Ada Evening News, October 1, 1919

Ada Evening News

October 01, 1919

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Issue date: Wednesday, October 1, 1919

Pages available: 15

Previous edition: Tuesday, September 30, 1919

Next edition: Thursday, October 2, 1919 - Used by the World's Finest Libraries and Institutions

About Ada Evening News

Publication name: Ada Evening News

Location: Ada, Oklahoma

Pages available: 241,891

Years available: 1904 - 1978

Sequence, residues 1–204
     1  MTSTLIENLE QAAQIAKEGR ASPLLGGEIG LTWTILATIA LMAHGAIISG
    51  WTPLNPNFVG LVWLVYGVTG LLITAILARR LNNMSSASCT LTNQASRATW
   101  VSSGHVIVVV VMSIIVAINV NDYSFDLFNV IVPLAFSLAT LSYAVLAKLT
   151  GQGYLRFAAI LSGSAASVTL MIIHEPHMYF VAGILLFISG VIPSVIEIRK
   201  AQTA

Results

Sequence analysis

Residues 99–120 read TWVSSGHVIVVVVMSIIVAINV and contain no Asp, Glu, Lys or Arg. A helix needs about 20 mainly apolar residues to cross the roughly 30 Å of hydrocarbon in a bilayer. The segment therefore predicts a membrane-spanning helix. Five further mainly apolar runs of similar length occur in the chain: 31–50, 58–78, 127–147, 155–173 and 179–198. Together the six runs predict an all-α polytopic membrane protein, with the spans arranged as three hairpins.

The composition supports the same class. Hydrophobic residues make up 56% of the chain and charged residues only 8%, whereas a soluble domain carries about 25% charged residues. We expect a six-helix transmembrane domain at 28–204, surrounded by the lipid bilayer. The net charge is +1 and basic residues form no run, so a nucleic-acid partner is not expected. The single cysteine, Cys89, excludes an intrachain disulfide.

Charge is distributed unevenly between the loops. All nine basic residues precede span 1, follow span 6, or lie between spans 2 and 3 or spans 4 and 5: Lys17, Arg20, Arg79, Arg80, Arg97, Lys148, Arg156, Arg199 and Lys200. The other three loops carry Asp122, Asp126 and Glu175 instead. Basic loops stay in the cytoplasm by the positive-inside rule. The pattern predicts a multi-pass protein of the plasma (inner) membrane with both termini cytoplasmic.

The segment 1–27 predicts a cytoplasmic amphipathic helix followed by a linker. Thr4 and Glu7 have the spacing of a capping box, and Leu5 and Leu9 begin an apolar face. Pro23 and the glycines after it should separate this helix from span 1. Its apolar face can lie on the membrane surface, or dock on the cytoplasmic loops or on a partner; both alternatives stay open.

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Ada Evening News (Newspaper) - October 1, 1919, Ada, Oklahoma ADA, OKLAHOMA, WEDNESDAY, OCTOBER I, 1919 VOLUME XVI. NUMBER 172The greatest love story ever told** The Right to Happiness*' Dorothy Phillips, William Stowell, with “    cast    pleases    all DISTRICT QPhe gfoa r THREE CENTS THE COPY LH.HR Pl til MU ■GREAT UHE BI ll BIG SHE KILLINS OF STHKKT DHTOH BY N MJRO APPD EH KYHIOX OM PART OK OFFIC IALS. LAR CUN- I- M. SKN ATK WILL LARRY IX- FALL! Xii PKW'KS HAYE WITKO CAI SLS    V KST1GATIOXS    INTO THE    OLTim HEART OF THE STKKI STRIKING TERRITORY. CATTLE MKN IX THIS PART OF OKLAHOMA. 8.1,000 LANS CHEERING THEIR DEPENDANT BOUND OVER TO FAVORITES IN BIG CINTI DISTRICT CTHIRT IN PRELIM- PARK; BETTING IN FAVOR OF CHICAGO. Bj the AiMctatS Pre** OKLAHOMA CITY. Oct. I ports reaching Oklahoma Cit> day from outride sources th« disturbances were rife iii the cit> last night and today had no foundation in (act. Br ti** A*aoci»t*d Pre**    hy    tm* A**uci*i*d i    Cincinnati. He-5 WASHINGTON, Oct. I.—Chair-1 W. A. Barrett, one of the best lo. luau E. H. Gary of the United States J knot* a cattle men of this county. Steel Corporation was called to tes- relunu.(j today from a trip to tiff* betore the senate committee in-    anU    Kiowa>    whele    he    went \estimating the steel strike this morning. He was expected to occupy o» business. Mr. Barrett l*h-0-6-0-0-2-l-*—9 Chicago:------0-1-0-0-0-0-0-0-0—I Hits,    Chicago------------------6 ”    Cincinnati---------------13 men throughout this J. M. Williams, a conductor on‘,h« stand all day.    I    Lilt!    state    have    suffered the Fourth street car line, was* Further testimony for the strik-_P    —i... last few shot aud killed early yesterday hy'ers wi!l be given Thursday by Wil-1    l°“    who were an ttuidentifted negro immediately .ham    Z. Foster, secretary    of    t he    several    thousand dollars a following a Quarrel over a    fare The    strike    committee, and he    will    be    worth scleral    thousand a na a quarrel over a    fare. ne    »    Michael S    Pighc    pres-    year    ago have had    to sell their real negro escaped by leaping    from the I Iona*en    o\ Michael ».    rigne,    pres    '    hmainir* in    miler    to meet far. A posse of one Hundred ■»»«*"' of 'he Amalgamated Assoria-j Mule ho|dl S* >n was organized to search tor him T on of Iron. Meel and Tin Workers, the r obligations. was organized to searcn    tor nim    witnesses are    to be    heard    The    drop in the    market    price of but up to a late hour last    night he    lunet    witnesses ate    to ne    nearu    -fu_fmnBV    farmers had Bot been found. No    informs-Pittsburgh district    by    lh*!'“    rancbmen    in this countv    action on the hiect was    available    committee, as they plan to carry    and    tanchmen    in this county,    ac °n    ..    .heir    investigation    into the heart cording lo the statements of those at police headquarters this morn- .their investigation into me nearly    .    nartieular    niichi    ie    airtight    ball I of the strike zone. The investigation; interested. One nan IB particular artel pncniag mnignt nan.        ..    _ Renorts that Governor Roberson    will be held either    the last of this! has lost between $10,000 and    $15. Cicotte was not able to stop the,get bond for parks>    in the meantime l^dTrde ^    <?ood, held “n    *’‘fk or f.rly n«t    Wffk. depfndin*:00.) Other, have lost more    than    mighty hitting of the Cincinnati the defendant is    confined in the Had ordered state troops neia in    ,    . develooment« 'this.    swatters. He had to give way to a j county jail, readme,, to put down porn hie UPC".the peace ireaty developmenis n. ---------------- j big. raw boned recruit by I he name    ---- rioting could not be confirmed eith-pn 'he senate.    |of Williamson. Williamson did fair- Iv well, but the game had already been lost.    * Cincinnati’s strength came in her ability to attack in mass formation, as ;i were. In the mighty fourth in-! nill*:, the entire nine players came j to oat, six of them hitting.    J The game was a pitcher’s con sy tie Associated Pies* CINCINNATI, Oct. I. It took only four inning* today for the Cincinnati Beds to demonstrate that they could hit the ball, no matter by whom it wa* pitched. In this inning. they touched Cicotte for six hits, our of them being for three bastes and one for two. The six hits netted a total of 5 runs and made a lead that the White Sox could not over come. Reuther was the hero of the bailie, swatting out a triple IN ARY EXAMINATION YESTERDAY. STRIKE AND LOCKOUT AT SAME TIME; LABOR ORGANIZATIONS SUPPORT PUBLISHERS AGAINST STRIKERS. ADA FANS STARTING MOVE TO BUY AND EQUIP ONE OF BEST BALL PARKS IM THE STATE. At the end of his preliminary examination before Justice Brown yesterday afternoon Joe Parks was bound over to the district court without bail. He is charged with first degree rape, the offense being committed, it is alleged, last Friday afternoon. The prosecuting witness was on the stand and testified as to what occurred when she went out car riding with the defendant Friday. Her mother also testified at the hearing, relative to what she was told by the girl when the latter re turned from the drive. Other testimony w as submitted by the state. No testimony was offered by the defense. It is reported that the defense will apply to the district court for a writ of habeas corpus iii an attempt to By the Associated Press    j Determination to go ahead with NEW YORK, Oct. I,—Two hun-! arrangements to have a real ball dred and fifty printing houses, em-! park in Ada and a real baseball ploying 10,000 men and publishing > team to play in it next season was nearly all the magazines and trade; shown at the meeting in the court journals of New York, as well as a house last night of the fans of large percentage of books, were closed today by a simultaneous lockout and strike. The lockout ordered last night by the printers league section of the Association of Employing Printer, is supported by the Inter-    committee    was    ap- national Pressmen’s Union of North _     .    ..    .K!,7 the city and county. Merle Matthews presided over the meeting and injected pep into the work. Speeches were made by many of the fans and numerous suggestions cr at the Governor’s office or at the office of Adjutant General C F. j Barrett, of the Oklahoma National Guard A crowd of approximately 200 men and boys hung about the cen-J tral police station yesterday, but J no disoider was attempted. RAY SCHALK Ardmore People Ask That Reed ti Cancel Date By Mew*    cia I    Serine# ARDMORE. Ok!*., Sept. 3 0 Ardmore citizens, in mas* meeting late today, seht a telegram to Senator James A Reed of Missouri demand-. tug that he cancel hi* Ardmore speaking date in opposition to the league of nation*. Resolutions were adopted indorsing President Wilson and the league. Senator Recd is scheduled to deliver his addles* here Wednesday night. The telegram denounced as; “un-demoeratic end un-American'* I the action of Senator Reed and Senator Thomas P. Gore of Oklahoma in touring the country against the league The mass meeting was presided over by the Rev. Dt Robert E. Lee Morgan, pastor of the Ardmore Methodist church    s MI BICH America and the American Federation of Labor body which is waging a battle for supremacy over the alleged outlaw local unions. The men affectetd by the lockout order assert that they will win their demands which include a 44 hour week and a $15 weekly increase in wages. The employers have issued orders that their plants are to remain closed until such time as they can I be reopened with forces composed exclusively of the International Typo-1 graphical Union. IVY WINGO test. borh sides playing wonderful ball ti the beld. pointed to investigate the possibility of buying or leasing a ball park, building a fence around it, erecting a grand stand and putting the ground in first class condition for playing. This committee consists of J. C. Sparks, A. M. Gregg, J. M. Coleman, F. M. Gallamore and H. W. Wells. Another committee, consisting of Joe Cole, Louie Keeler, T B. Blake, Jr., Chas. Bobbitt and one other whose name could not be obtained, to get out a big crowd for the next meeting, Tuesday evening, Oct. 7. The prevailing opinion last evening was that Ada should have a regular amateur ball club, one that is able to go against any amateur club in the state and come out winner. TO ANSWER MURDER CHARGE, INCITING TO RIOT, AXD ASSAULT WITH INTENT TO COMMIT MURDER. CINCINNATI, Oct I. So rn e is READY TO IiOOK AFTER SOME OF MOST PRESSING OLEK'I* AL BUSINESS. MOST TIME WITH FAMILY. 33,090 fans prepared to worship at th** shrine of baseball at Redland Field today where the Cincinnati; ’Rids, the champions of the National --*    league, and the Chicago White Sox.      — . ,    pennant winners of the American fey lh, Adiated lr***    league, will do bailie in the find1* ,h« Adiated Press OMAHA, Neb. Od. I Fifty men ^^ q( whal „>HV be a nim, Kame] WASHINGTON, Oct. I.—With ami boy s were under arrest today >#    ^ tbe v arUl’S baseball cham-' President Wilson continually show- in connection with Sunday night’s on«b^,    .#>    *    it|he steady improvement those at- rioting. All those arrested are held    'arran^emem8 for tbe series tending him in his illness were con fer either murder, inciting to riot. J|av^ b ^ compietedt even (Q the1 cerned today in preventing any ex-or assault to commit murder and €>xtenl tbe members to take part.i ertion which might cause a rewin al destruction of property A    headquarter® of both clubs gave lapse. special cram! jury will convene Oct. QU| lbe announcements that Reuther. Although It was thought likely 8 to inquire into the charges against the «oulbpaw Ked. would oppose that th* president would be permit- Kansas Broom Corn Is Among Profitable Crops the men.    Cicone,    the    right    handed hurler of Dr. h. C. Henry stated this morn-    White    Sox.    while W’ingo will log that the condition of Mayor backstop Reuther aud Ray Schalk Edward I . Minth. who was attacked by the mob, was such thought all danger past. will do the catching for Cicotte. thai ne There is no doubt that the White EDDIE CICOTTE PAI L ALTHOUGH- TO NIM, IX NORMAL AUDI TORII M Due to the far that the High school building has no suitable auditorium. thru the kindness aud g* ii ♦•njr* of the normal authorities.! the « .^ertaiament Monday night will be at the normal auditorium. This kindness is hig; y appreciated by the high school authorities, under whose auspices Mr. Alt house will sine. uy Schalk. cat* a.if bort Harvey, III,, A ;g.    12. I be 2. played hi? first baseball us a pro ie. ftionai at Taylorville, 111., in IMI! where he made such an imprest u ti that the following year he got a jot with Milwaukee. There he was discovered by Kid Gleason, who n ended him to Cornic key. He was purchased Into lr* 1912. making good ai once. Ray is 5 feet 3 inches, weighs 150 pounds, tats and throws right handed, is n.r.rried, and lives in Chicago CHIC CANDIL BULLETINS FROM CINCINNATI ANNOUNCE GREAT BASEBALL CLASSIC TO ASSEMBLED CROWD. Eddie Cicotte, pitcher, born in Detroit, June 19, 1884 began his baseball career in 1904 at Sault Ste. All the baseball bugs in Ada and one nog are on Broadway this afternoon getting hot off the wires the Marie, Mich. He then went to the I returns from the baseball classic at Western league and then to Boston .    .    T.    ai_    rf>    :    in the American league, from where I Cincinnati. The returns ate ng t Re was obtained by the White Sox eehed at the cotton exchange over! in \9\\, He is 5 feet 8 inches and I the Guaranty State Bank by Charlie weighs 160 pounds. He bats and Hardin and relayed "a la u.eK.pho»«.    *n<W'    marri'd- to the crowd by Umps Coleman. i During the arrival of the bulletin* •a lonesome looking dog mobilized Aflfmwmfif* /‘Vi/VC# I himself in front of the bulletin rmllUfiBlV Lvildi 'board at the entrance to the News oiflee and paid close attention to !fhe long line of goose eggs. mb; inc I Candil, first Casein St Paul. Mmn., mid began profession-1908 at Sh rev port. La. was tried out by the but sent back to the I Captain Hargis came in today from Claremore where he has been for several weeks in the capacity of)    ____ special officer for the state high-) way department. He will leave Sat- Bs th* A*«oei*t*d Pi*** ii rd ay on the special for the Con-; WASHINGTON, federate reunion at Atlanta. Storms Abate in Their Fury minors, eominr    th.* foil ow J inc year with Washington, where h4 made good Later he was traded to and then to Chirago in He ba ta and throws r.ght ___    i«    C feet 1 inch in height »eT-«- pounds, and is married. Oct, I.—The storm reported off the Georgia coast Min, Thelma Reardon of Oklahoma yesterday and lam night has atarted City, who has been the houseguest inland over Georgia and lost IU ln-of Miss Gladys Rawls for the past I t<^n#tity, the weather bureau anaounc- Z2ZXZ’ - »*•*■ 8l«™ by BDss Rawls, who will visit there on the south Atlantic coast were several days.    ordered taken down at *9 a. in. Sox went into the fray this afternoon as slight favorites. The little betting that ha* been recorded showed odds of from '* to a lo I to 5 with the Chicago team on the long end. Constr* dable White Sox money was In! evidence but even money was demanded with very few takers. That both teams are confident was; indicated by the statements from! their managers. Manager Moran ofj the Cincinnati team stated: “We have earned our way into the series and we will earn our way through it- I believe that we have the better pitching. In fact, I do not know* when a team ever went into so great an event with so strong a string of first class hurlers. I have six men on whom I can depend for ; excellent service.” Manger Gleason of the White Sox gave voice to the following: “My team battled its way through ithe American league with such confidence and such actual nerve in all »the pinches that I have the utmost confidence in each and every player. i At the same time I realise that we are going to be submitted to a supreme t*st in this series. I believe, : however, my pitchers have been under estimated. We are here to win aud we hope to do so. "The probable lineup for today’s guile is as follows: Chicago John Collins, Rf.; Weaver, 3b.; Jackson, lf.; Felsch, cf.; Candil, lh.; Risberg, ss.; Schalk. c.; j Cicotte, p. Cincinnati Hath, 2b.; Daubert, I lh.; Gioh, 3b.; Roush, cf.; Duncan, lf.; Hoi pf, ss.; Neale, rf.; Wingo, c.; Reuther, p. I in pi res Selected. I CINCINNATI, Oct. I. Official I announcement was made shortly aft-! ernoon that Rigler would officiate at j home plate; Evans at first base; i Quigley at second, and Nslline at i third. Tomorrow the umpires will rotate, Evans officiating behind the plate. Two hours before the time for the game to start, the Pavillion and bleechers at the park were filling up rapidly while only a scattering of spectators were to be scien la the giandstand and boxes. The Reds appeared on the field at 12:23 o’clock and were given a vociferous welcome. A band paraded about the field, stopping st brief per od? in front of the pavilions end various parts of the bleeders. Manager Speaker of the Cleveland Reds headed a delegation of about 590 I”es front that city, and Speaker r . ked the White Sox as the win-v n of the championship. ted to give a small portion of his day to pressing official business, the most of his time is to be spent with his family at the White House or in motoring. “DUTCH” REUTHER ivy i>. \\ m$-o vv :    : ;i Ju.y ii, 1890, at Norcross, Ga. Marted as catcher with Greenville club of Carolina association, in 1909. In August of the following year sold to St. Louis Cardinals. Remained with St. Louis for next four years and achieved much fame as a thrower and batter. In the winter following the season cf 1914 Manager Herzog of the Reds secured him in a trade for Mike Gonzalez, and this is his fifth year with the Reds. By the Associated Presa TOPEKA. Kans.. Sept. 30.—One of the profitable, smaller crops of Kansas is the broom corn trop now being harvested in the southwestern part of the state. The crop is also grown in many other parts of the state and Oklahoma also is a producer of much broom corn. The current crop report issued by S. D. Flora, federal metereologist for j Kansas, states that “pulling broom icorn” is more than two-thirds finished in the southwestern couniies. A fairly good crop was harvested, its value being estimated at around $2,000,000. Last year the state produced 18.582,438 pounds of broom corn, having a total value of $1,791,-957. As indicated by its name, it is on this product that the housewife depends for her household necessity —the broom. And despite the popularity of the more modern competitors of the broom as a household utiliey—carpet sweepers and vacuum sweepers—the demand for the broom corn product has very noticeably increased in the last few years and high prices both for the raw and finished product have prevailed. WEATHER FORECAST Incieasing cloudiness tonight anc Thursday. JAKE DAUBERT I MANY TRADES MEET TO DETERMINE IF THEY SHALL GG OUT IN SYMPATHY WITH RAILWAY MEN. By th* A»t*ocinl«l Press LONDON, Oct. I.— While the delegates of the Transport Federation Walter ii. Et was born September 12, 1893. Went directly from St. Ignatius's college, in California, to Pittsburg, in 1913. Released to j were assembling today to decide Los Angeles. Finished season wiUi Sacramento. With Vancouver in Northwestern league in 1914. With Vancouver and Salt Lake City in 1915. With Spokane and Portland in 1916. Joined Chicago Cubs in 1917 and sold to Cincinnati in mid* season. Bolshevists Get Drubbing at the whether the 325,009 workers they represent should go out in sympathy with the striking railroad men cf Great Britain, the government’s official report on the situation issued at noon announced a continued improvement in actual conditions. The train service had been improved, the statement asserted, more than 800 trains having been run yesterday including those in the subway service. Additional railroad men had returned to work, it was declared. _ w -    The    meeting of the transport men Hnnnfi of    the mosi moment “u#luo Vf *    ao    far    in the labor situation brought about by the railroad tieup. The meeting was attended by representatives of the Amalgamated Engineers Federation, the snip building and engineering trades, the printing and electrical trades, the railway clerks, the new postal federation, and the national federation of gen erat workers. Most of the labor members of the House of Commons were -a1 {rn present. Py the* Atociavcd Pres* COPENHAGEN, Oct.    I.—The breaking of the bolshevist lines at Bulata by the troops of the Finnish general Balakovitch is reported Jin a dispatch Just received here. Whole divisions of the bolshevik! are declared to hart) surrendered. Jacob E. Daubert was born in Shamokin, Pa., on April I?, 1885. Began playing ball in 1906 with Kan-semi-pro club. Joined Marion the following season. Went to Cleveland in aping of 1908. but was sold to Nashvuiem May. The next year he went to Toledo. Was then secured by Brooklyn, which club he joined rn 1910, becoming regular first bateman at once. For nine years he played first for Brooklyn. Last winter he was obtained by the Reds from Brooklyn. ;